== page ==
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Micro-credentials in today’s education

In addition, for today’s students and professionals constrained by job commitments or those seeking to acquire niche or specialised skills, micro-credentials (MCs) have emerged as a crucial innovation in online education.
Last Updated : 04 June 2024, 01:00 IST
Last Updated : 04 June 2024, 01:00 IST

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Among the various online learning options available, Massive Open Online Courses (MOOCs) play a significant role. While the term “MOOC” was coined in 2008, it began gaining traction in 2011 and became prominent in India from 2014 onwards. The Covid-19 pandemic and subsequent lockdowns further highlighted the importance of online learning on a global scale.

In addition, for today’s students and professionals constrained by job commitments or those seeking to acquire niche or specialised skills, micro-credentials (MCs) have emerged as a crucial innovation in online education. These focused courses offer a flexible and efficient way to gain relevant expertise, ensuring learners stay competitive in their fields. In an ever-evolving job market, MCs are viewed as a blessing as they help in reskilling and upskilling, which is paramount to bridge the gap between academia and industry.

What are MCs?

Micro-credentials are an innovative and disruptive technology and competency-based learning model. Generally short and distinct from conventional degrees, they are also called nano degrees as they deliver focused, bite-sized pieces of knowledge with limited modules focused on a narrow range of skills or competencies that can be acquired quickly.

Typically offered online, they are also available in hybrid, distance, and in-person formats. Micro-credentials cater to various proficiency levels—beginner, intermediate, and advanced. They target a wide audience, including students, working professionals, and unemployed youth, making them a versatile and accessible option for continuous learning and skill development. Usually, MCs are certified in the form of digital badges (DB) issued to learners upon completion of a credential.

According to the HolonIQ 2021 report, approximately $36 billion was spent on online degrees in 2019, with around $9.8 billion allocated to micro-credentials. By 2025, the report predicts the market will grow to about $74 billion, with MCs expected to hold a major share.

Advantages of MCs

Micro-credentials offer several important benefits compared to traditional degrees:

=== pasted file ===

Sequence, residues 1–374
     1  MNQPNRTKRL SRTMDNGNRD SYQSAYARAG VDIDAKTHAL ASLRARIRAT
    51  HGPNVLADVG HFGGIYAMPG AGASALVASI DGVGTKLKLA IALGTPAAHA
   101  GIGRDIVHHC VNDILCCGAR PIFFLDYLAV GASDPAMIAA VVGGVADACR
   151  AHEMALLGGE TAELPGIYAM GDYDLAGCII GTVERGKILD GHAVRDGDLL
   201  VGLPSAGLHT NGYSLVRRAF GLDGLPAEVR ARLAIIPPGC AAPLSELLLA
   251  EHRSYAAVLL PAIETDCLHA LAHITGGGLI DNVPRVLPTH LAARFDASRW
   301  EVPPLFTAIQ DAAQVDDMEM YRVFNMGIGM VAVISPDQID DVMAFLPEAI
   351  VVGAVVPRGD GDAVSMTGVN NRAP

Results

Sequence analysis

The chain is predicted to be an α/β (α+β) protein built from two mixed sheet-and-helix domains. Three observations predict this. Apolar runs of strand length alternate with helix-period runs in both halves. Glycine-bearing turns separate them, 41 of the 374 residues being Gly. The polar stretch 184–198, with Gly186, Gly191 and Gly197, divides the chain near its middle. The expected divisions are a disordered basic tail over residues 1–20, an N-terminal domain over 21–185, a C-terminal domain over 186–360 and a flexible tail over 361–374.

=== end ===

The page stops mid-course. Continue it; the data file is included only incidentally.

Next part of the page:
Personalised professional learning: MCs allow for tailored learning experiences that focus on specific competencies relevant to the learner’s career goals.

Flexibility and accessibility: MCs provide flexible learning options, enabling effective collaboration among learners and accommodating various schedules and locations.

Self-paced learning: Learners can progress at their own pace, maintaining control over their professional development.

Global access: One most notable advantage of MCs is the ability to learn from anywhere in the world. Unlike conventional courses, MCs are dynamic, competitive, demand-driven, shorter, and more affordable. They offer a low-cost alternative for acquiring the knowledge, skills, and competencies needed to stay relevant in a rapidly changing job market.

Challenges in implementation

Implementing micro-credentials, however, presents several challenges, primarily related to learner perception. Studies have shown that learners have not entirely accepted MCs as effective learning and assessment tools, often perceiving them as less prestigious or inferior to traditional degrees.

To address this, it is crucial to ensure rigorous learning and assessment practices for MCs and to create awareness about their advantages. In India, MCs are still in their nascency. Many educational institutions and leaders are unfamiliar with them, underlining the need for training and capacity building in colleges and universities.

Many educational institutions will likely face challenges in adaptability, resources, and faculty readiness, while attempting to implement MCs. The questions that will inevitably arise: Are institutions ready to adapt and embrace the changes necessary to implement MCs? Do they have the financial and technological resources to support this change, and are they willing to invest in them? Are faculty members prepared for the shift, and can they handle the increased number of students in the online space requiring monitoring and assessment?

Addressing these issues may be worthwhile and beneficial for a fruitful and seamless adoption and implementation of MCs in institutions. For MCs to be effective and readily acceptable, developing high-quality, internationally recognised, and accepted modules is crucial. More importantly, there must be mutual understanding and collaboration among all stakeholders—students, teachers, educational institutions, faculty preparing the modules, and employers who need to recognise and validate these courses.

This cooperation is vital for the successful acceptance and effectiveness of MCs. The time is ripe for Indian higher education institutions to take the lead in experimenting and innovating to meet the growing needs of the student community and societal demands. By doing so, they can ensure that MCs become a valuable and widely accepted component of higher education.

(The author is the Professor and Dean, Christ (deemed to be) University, Bengaluru)

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Published 04 June 2024, 01:00 IST

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